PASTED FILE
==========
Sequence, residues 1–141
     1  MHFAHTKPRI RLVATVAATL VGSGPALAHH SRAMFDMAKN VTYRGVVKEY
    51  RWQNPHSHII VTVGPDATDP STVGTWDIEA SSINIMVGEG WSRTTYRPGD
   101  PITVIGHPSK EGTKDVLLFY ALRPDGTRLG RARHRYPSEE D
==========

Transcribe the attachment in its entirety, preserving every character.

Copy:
Sequence, residues 1–141
     1  MHFAHTKPRI RLVATVAATL VGSGPALAHH SRAMFDMAKN VTYRGVVKEY
    51  RWQNPHSHII VTVGPDATDP STVGTWDIEA SSINIMVGEG WSRTTYRPGD
   101  PITVIGHPSK EGTKDVLLFY ALRPDGTRLG RARHRYPSEE D